The tiny nation of Palau, an archipelago in the western Pacific Ocean, has long been a international leader in ocean conservation. Over the past decade or so, it established the world's first shark sanctuary, passed some of the most stringent laws banning bottom trawling, and developed a framework for community-based conservation by training local fishermen to collect data on their catch. This week, Palau has conservationists cheering again.
President Tommy Remengesau Jr. said Thursday that he'd sign newly passed legislation protecting 80 percent of the nation's territorial waters -- about 193,000 square miles -- from all fishing activities.
This reserve will be one of the five largest fully protected marine areas in the world.
All told, a record 1 million square miles of ocean have been granted strong protections this year, The Washington Post reported. Among other nations, Britain reserved 333,000 square miles, New Zealand dedicated 230,000, and Chile protected 115,000.
Yet, even with these new dedications, only 1.9 percent of ocean waters are being strictly protected -- in other words, you can't fish, you can't extract minerals and you can't dump trash there. Ocean conservationists would like to see that figure closer to 30 percent.
Elliott Norse, chief scientist for the Marine Conservation Institute, who has been working on these issues since 1978, said he would settle for 20 percent. Actually, he said he'd "give his life" for it.
"I would give my life gladly to see us reach the modest goal of 20 percent by 2030," Norse said. "If we really did it effectively, not just in name but do it in fact, we would be able to save virtually all of the kinds of animals and plants and bacteria and viruses in the oceans whose functioning is essential to our continuing existence on earth."
Nothing is as effective at preserving marine biodiversity and keeping the oceans healthy as protecting large swaths of water, according to Norse. Without that protection, he said, marine life forms will keep going extinct, the oceans will become more and more acidic, and more "dead zones" will appear.
While sea mammals have died out for millennia -- take Steller's sea cow, one of the largest marine mammals in the world, which went extinct in 1768, just 27 years after Europeans discovered it -- the process has sped up over the past half-century. Norse was born in 1947. The oceans, he said, have "emptied in my lifetime."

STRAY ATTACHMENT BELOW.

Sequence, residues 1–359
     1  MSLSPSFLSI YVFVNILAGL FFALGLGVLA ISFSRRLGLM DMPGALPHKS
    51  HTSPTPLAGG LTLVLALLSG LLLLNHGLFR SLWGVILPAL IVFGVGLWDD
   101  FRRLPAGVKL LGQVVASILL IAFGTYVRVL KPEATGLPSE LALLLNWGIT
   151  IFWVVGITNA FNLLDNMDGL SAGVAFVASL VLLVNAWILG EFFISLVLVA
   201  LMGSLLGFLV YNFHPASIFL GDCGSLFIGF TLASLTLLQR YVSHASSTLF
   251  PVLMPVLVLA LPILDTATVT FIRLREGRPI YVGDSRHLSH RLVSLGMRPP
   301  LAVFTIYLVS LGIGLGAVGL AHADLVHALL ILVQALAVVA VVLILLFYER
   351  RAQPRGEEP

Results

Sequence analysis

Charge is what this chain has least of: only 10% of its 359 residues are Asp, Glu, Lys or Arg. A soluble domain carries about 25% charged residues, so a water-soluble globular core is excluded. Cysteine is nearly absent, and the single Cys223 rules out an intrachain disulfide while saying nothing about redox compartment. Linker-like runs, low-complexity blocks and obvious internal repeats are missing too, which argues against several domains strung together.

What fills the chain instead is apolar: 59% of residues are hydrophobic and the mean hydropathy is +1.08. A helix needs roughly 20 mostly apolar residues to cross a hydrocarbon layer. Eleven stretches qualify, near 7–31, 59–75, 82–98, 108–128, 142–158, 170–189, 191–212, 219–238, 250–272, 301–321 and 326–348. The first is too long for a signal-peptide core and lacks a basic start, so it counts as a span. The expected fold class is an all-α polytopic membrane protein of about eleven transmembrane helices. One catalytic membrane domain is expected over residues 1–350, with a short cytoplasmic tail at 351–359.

Palau is still home to some 1,300 species of fish and 700 species of coral. The nation has made a bet that tourism will be a better long-term investment than the fishing industry, and so far the wager appears to be paying off. According to one study, each reef shark swimming in Palau's waters can bring around $2 million to the country over its 16-year lifespan.
But as Remengesau pointed out in a United Nations address last year, Palau cannot protect the oceans by itself. "I return again and again to a question my forebears never conceived of: How much will Palau's efforts matter if the world is not on the same page?" he said.
"The key really will be in enforcement," said Robert H. Richmond, a professor at the University of Hawaii who has been working in Palau since 1986.
This June, authorities in Palau burned four Vietnamese boats that were caught with a 17,000-pound haul from illegal fishing, including protected sea turtle, sea cucumber and reef fish species.
Richmond thinks that Palau's new ocean reserve could be a tipping point, leading to more protected waters. He cited an unlikely source to make his point.
"I was talking with some people in the fishing sector. They said they were not too worried about Palau, because it is just one archipelago," he said. "What they were concerned about was that when Palau does something, the other islands often follow."
Lila Shapiro covers the science fiction of science, the imaginative ways scientists are trying to solve the world's hardest problems. Contact firstname.lastname@example.org with tips.